With the growing recognition by various non-G7 governments that there are significant economic benefits to be gained by implementing effective governmental governance procedures and a system that is recognised by the international community as adhering to the law, cross-continental capital flows for investment and the creation of private wealth have increased significantly.
The refocusing of large portions of investment capital to the emerging markets of Asia and Africa have presented challenges to financial institutions, banks, non-financial business and regulators as to how best to implement balanced regulatory mechanisms across continental borders. The recognition of a universal regulatory system is gaining worldwide acceptance.
Precedents of how best to achieve this difficult task can be found by an examination of international banking regulations (Basel 1 and Basel 2), various pieces of legislation such as the Sarbanes Oxley Act, the US Patriot Act, the Foreign Corrupt Practices Act of the US and the Application of the US Office of Foreign Asset Control, and other pieces of legislation implemented by various G7 governments. Not all have been successful.
The Sarbanes Oxley Act has adversely affected the US, shifting large parts of its worldwide capital markets function from New York to London and causing the loss of the international prestige that New York enjoyed as a premier jurisdiction for public issues. Other efforts, such as the OECD attempt to implement worldwide excessive taxation systems, have been met with scepticism and failure.
One of the most successful internationally accepted regulatory regimes has been the implementation of "Know Your Customer Rules", anti-money laundering and anti-terrorism legislation. The Cayman Islands, as one of the worlds leading financial centres, has been a leader in the implementation of this type of legislation. This has helped identify undesirable use of its financial systems. Sadly, the leading role of the Cayman Islands has been given little international recognition and few G7 countries (if any) have followed its lead.
"The Cayman Islands, as one of the worlds leading financial centres, has been a leader in the implementation of this type of legislation"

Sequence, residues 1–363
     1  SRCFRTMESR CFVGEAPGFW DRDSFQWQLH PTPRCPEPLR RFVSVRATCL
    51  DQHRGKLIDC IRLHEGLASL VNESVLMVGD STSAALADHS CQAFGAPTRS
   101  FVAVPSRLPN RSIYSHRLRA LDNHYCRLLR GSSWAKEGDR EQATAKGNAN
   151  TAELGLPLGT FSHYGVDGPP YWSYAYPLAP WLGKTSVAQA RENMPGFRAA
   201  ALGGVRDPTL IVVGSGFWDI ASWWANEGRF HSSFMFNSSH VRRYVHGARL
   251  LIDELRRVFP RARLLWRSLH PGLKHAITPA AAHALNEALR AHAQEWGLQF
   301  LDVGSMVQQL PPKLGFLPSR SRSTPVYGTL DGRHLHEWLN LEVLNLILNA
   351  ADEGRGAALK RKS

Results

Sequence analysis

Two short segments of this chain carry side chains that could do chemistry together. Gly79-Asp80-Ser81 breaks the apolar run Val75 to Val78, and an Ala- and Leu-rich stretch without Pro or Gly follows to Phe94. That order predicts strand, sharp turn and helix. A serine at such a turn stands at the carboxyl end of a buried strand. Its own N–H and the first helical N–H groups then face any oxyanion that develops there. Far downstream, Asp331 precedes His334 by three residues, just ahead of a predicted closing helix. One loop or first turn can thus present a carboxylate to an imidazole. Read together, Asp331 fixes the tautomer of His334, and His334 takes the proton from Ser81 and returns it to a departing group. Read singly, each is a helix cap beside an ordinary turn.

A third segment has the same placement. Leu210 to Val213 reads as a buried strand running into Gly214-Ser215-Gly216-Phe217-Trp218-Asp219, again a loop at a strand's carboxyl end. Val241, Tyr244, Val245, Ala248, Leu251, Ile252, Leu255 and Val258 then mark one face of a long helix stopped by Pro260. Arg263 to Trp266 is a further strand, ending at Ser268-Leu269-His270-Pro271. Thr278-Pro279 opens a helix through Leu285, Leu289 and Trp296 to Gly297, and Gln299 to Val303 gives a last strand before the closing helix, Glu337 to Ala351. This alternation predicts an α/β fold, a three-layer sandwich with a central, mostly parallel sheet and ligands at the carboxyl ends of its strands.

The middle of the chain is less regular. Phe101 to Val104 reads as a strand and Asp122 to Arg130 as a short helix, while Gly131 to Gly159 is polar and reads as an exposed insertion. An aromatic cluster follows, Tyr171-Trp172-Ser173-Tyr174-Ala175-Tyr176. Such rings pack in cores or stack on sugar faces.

One of the difficulties experienced in the implementation of a globalised regulatory system has been the continuing efforts by many high-tax developed countries and international NGO's controlled by them to force emerging market economies to collect tax and/or report tax information back to them. This has been a serious stumbling block to the implementation of a globalised regulatory system.
Perhaps this will change in the future as international financial institutions and global manufacturing entities move into the emerging markets and their dependency on earnings from these areas increase. The stark reality of the global shift of the world's economic engines may dawn upon some of G7 politicians prior to redomiciliation out of their jurisdictions, permitting debate and eventual resolution of this issue.
While governments stall, global leaders in private industry have implemented policies across borders and these are having a profound effect on the implementation of worldwide standards in the regulation and operation of various market functions. These policies appear to have gained wide acceptance despite cultural differences. This may provide the starting point for a globally acceptable system capable of providing market regulation without sovereignty issues
Cayman Leads The Way
Cayman continues to lead in this field and regularly reviews and adjusts its laws, policies and procedures to meet new international challenges. This sensible balance has continued to attract a multitude of international business institutions.
Regulation for the sake of regulation imposes unnecessary costs and bureaucratic procedures, and impedes markets – usually forcing them to move to friendlier homes.
Failure by leading western democracies to sensibly engage on these issues may result in the process proceeding without them taking the leading role. Not exactly what they envisage at the present time.
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